Abstract/Contents:"Objectives: 1) Evaluate the role of ants as beneficial predators in golf turf; determine the predominate species inhabiting golf courses; and develop tactics for managing mound-building pest ants on putting greens with reduced environmental risk or impact on beneficial species. 2) Investigate synergism between endophyte-enhanced, resistant turfgrasses and biorational insecticides for improved management of white grubs and black cutworms. 3) Examine the main and interacting effects of cultural practices (mowing height, irrigation, and N fertilization) on nutritional and defensive characteristics of creeping bentgrass, and on relative susceptibility to white grubs and black cutworms. Ants are important predators on eggs and larvae of cutworms, grubs, and other pests, but on golf courses, these positive aspects must be weighed against the fact that some ant species build mounds on putting greens and tees. Surveys of ants inhabiting golf courses revealed that virtually all nuisance ant problems on putting greens and tees involve one species, Lasius neoniger. Surface insecticides usually won't eliminate these ants because the treatments fail to reach the ground-nesting queen. Our research shows that two commercially available baits containing either avermectin (Advance® Granular Carpenter Ant Bait; WhitMire Micro-Gen, Inc.) or hydromethylnon (Maxforce® granular ant bait; Clorox, Inc.) are effective for spot-treating ants in high-profile situations. Minimum effective rates were investigated. In another test, fipronil (Chipco Choice®, Rhone-Poulenc, Inc.), a novel phenyl pyrazole, was found to be effective for season-long suppression of Lasius nests and mounds on putting greens. Registration of fipronil for general ant control on golf courses is expected in 2000. Other field experiments demonstrated that Lasius neoniger and other ant species are important in suppressing eggs and larvae of other insect pests. Populations of caterpillars (sod webworms and cutworms) were higher on golf tees where ants were eliminated than where ants were abundant. Thus, it may be beneficial to conserve turf ant populations except on putting greens where the mounds are intolerable. Lasius ants were founds to cultivate and tend certain root-feeding aphids from which the ants obtain sugary honeydew as food. Root aphids, which appear to cause no damage, were present under all cool-season grasses. The aphids are abundant in fairways and roughs, but apparently are unable to survive in sand-based putting greens and tees. Maintaining access to aphids in close, irrigated rough may be one reason why Lasius ant nests are so abundant around the edges of greens and tees. Controlling root aphids may be one means of discouraging buildup of mound-building ants. Two other studies related to Objective 1 were initiated in 1999. The first involves research on Tiphia wasps, which are important native parasites of white grubs. We have begun to characterize the wasps' seasonal life cycle, food plants used as nectar sources by the adults, and means by which populations of these beneficial insects can be augmented on golf courses, e.g., through planting of preferred wildflowers. We also are investigating cues by which the wasps locate grub victims underground. The second study involves evaluation of potential impact of turf insecticides on native pollinators. We found that imidacloprid (Merit®), applied as it would be for grub control, had no adverse effect on native bumblebees foraging on patches of flowering white clover in treated turf. Our second objective concerns whether use of endophytic grasses in combination with microbially-based insecticides can provide enhanced levels of insect control. We sought to determine if the sublethal stress endured by insect pests feeding on endophytic grass might enhance the activity of microbial controls. Dose-mortality studies with Bacillus thuringiensis and spinosad (Conserve®) revealed no such interactions against black cutworms. Spinosad was effective, even at 0.25 label rate, and B. thuringiensis was ineffective; regardless of endophyte beetle grubs' susceptibility to milky disease bacteria, Bacillus popilliae. Work conducted for Objective 3 in 1999 focused on potential interactions between plant growth regulators (PGR's) and insects attacking creeping bentgrass. We speculated that physiological or nutritional effects of the PGR's might alter the attractiveness or suitability of the turfgrass as food for plant-feeding insects. Large plots of fairway-height creeping bentgrass were maintained under monthly applications of Scott's Turf Enhancer® 2 SC (paclobutrazol), Primo® liquid (trinexapac-ethyl), or as untreated controls. The turf was challenged with cutworms and white grubs, and natural population densities of insect pests also were monitored. Our data suggest that use of paclobutrazol or trinexapac-ethyl on creeping bentgrass will neither increase nor decrease insect populations in the treated turf."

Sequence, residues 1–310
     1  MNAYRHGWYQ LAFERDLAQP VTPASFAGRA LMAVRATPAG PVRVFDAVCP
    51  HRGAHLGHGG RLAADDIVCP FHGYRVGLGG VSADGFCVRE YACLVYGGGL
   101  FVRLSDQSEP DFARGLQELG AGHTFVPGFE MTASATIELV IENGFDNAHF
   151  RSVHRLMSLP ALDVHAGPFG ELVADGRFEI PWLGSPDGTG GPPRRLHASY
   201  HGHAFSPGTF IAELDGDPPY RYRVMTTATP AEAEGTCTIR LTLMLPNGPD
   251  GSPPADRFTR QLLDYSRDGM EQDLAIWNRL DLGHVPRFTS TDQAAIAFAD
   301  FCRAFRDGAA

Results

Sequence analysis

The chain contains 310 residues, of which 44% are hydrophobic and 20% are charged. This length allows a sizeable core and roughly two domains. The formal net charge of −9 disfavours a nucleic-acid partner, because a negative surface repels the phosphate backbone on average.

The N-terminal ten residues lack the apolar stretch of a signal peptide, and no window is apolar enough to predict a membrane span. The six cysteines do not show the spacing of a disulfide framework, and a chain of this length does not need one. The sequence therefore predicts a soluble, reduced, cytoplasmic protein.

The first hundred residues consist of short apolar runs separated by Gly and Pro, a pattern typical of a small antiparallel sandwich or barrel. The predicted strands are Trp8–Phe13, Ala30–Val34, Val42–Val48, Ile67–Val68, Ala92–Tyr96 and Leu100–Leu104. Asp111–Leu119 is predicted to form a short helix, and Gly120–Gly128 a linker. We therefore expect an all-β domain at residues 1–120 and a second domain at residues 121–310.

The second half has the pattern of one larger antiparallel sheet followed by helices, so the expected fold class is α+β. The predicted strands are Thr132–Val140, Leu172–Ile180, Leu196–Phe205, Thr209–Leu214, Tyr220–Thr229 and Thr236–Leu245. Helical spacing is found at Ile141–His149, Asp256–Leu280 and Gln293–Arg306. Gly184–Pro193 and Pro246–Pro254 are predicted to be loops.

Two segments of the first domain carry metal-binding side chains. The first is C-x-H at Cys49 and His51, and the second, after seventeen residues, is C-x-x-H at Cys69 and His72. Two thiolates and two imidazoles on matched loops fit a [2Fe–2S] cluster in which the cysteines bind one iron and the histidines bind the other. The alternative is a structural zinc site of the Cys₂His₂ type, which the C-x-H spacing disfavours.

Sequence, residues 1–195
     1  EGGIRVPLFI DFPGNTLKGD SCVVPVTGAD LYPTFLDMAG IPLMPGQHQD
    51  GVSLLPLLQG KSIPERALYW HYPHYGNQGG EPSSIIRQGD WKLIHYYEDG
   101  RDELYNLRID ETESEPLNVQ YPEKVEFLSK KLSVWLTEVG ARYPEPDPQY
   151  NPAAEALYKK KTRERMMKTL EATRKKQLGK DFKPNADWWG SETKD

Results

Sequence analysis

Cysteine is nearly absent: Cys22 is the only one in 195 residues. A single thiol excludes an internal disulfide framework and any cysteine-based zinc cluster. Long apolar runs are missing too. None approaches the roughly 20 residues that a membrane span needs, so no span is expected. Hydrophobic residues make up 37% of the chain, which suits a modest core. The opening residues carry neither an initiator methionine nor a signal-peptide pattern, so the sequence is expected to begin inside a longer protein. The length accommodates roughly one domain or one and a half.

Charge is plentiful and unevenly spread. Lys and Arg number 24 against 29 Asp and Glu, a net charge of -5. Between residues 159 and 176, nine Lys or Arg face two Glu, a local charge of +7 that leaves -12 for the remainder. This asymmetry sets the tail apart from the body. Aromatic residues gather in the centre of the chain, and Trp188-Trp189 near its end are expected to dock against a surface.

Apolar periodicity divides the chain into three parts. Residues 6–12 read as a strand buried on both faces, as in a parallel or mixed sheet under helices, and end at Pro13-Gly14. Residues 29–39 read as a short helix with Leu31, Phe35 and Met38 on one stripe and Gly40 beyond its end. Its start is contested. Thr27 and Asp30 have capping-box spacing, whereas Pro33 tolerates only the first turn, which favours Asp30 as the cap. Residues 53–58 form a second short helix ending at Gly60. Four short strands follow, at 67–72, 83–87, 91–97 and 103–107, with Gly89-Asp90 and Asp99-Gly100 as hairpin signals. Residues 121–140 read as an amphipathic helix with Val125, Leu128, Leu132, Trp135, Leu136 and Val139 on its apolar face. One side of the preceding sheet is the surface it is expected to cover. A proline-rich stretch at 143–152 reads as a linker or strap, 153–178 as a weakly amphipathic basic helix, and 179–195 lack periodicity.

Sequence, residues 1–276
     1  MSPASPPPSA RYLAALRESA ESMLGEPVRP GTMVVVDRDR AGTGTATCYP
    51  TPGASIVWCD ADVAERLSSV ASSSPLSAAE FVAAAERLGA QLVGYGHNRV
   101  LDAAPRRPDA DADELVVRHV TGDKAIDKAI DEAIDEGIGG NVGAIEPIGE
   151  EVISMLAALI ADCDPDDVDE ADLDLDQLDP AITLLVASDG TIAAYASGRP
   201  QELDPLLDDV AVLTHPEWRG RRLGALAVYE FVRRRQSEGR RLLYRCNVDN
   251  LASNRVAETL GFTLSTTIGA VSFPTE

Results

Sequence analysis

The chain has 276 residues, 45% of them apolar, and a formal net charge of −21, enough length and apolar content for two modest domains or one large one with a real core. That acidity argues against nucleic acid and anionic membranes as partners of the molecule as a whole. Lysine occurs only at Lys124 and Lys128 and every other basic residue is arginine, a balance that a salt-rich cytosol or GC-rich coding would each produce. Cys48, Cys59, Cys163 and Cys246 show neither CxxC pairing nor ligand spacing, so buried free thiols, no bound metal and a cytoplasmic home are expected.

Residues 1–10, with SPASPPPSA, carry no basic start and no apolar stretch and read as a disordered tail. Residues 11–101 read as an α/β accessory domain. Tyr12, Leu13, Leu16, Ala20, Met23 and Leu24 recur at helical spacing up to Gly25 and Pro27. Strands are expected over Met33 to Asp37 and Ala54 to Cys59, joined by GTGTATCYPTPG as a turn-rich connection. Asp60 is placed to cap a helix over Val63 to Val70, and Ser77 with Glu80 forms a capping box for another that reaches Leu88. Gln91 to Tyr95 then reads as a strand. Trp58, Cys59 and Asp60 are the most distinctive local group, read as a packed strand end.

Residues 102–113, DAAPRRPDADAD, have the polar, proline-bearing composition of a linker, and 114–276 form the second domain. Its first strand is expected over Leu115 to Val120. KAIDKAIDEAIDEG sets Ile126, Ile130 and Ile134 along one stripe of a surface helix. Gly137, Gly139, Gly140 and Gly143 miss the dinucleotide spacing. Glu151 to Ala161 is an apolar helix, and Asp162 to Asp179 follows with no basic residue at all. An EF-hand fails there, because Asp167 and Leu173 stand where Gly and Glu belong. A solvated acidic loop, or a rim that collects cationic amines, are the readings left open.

See Also:See also related summary article, "Integrating natural enemies, cultural control, and plant resistance for sustainable management of insect pests on golf courses", 1999 Turfgrass and Environmental Research Summary [USGA], 1999, p. 17-18, R=72297. R=72297
Note:"Progress Report - 1999"
"USGA Turfgrass Research Foundation"
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    Last checked: 02/22/2013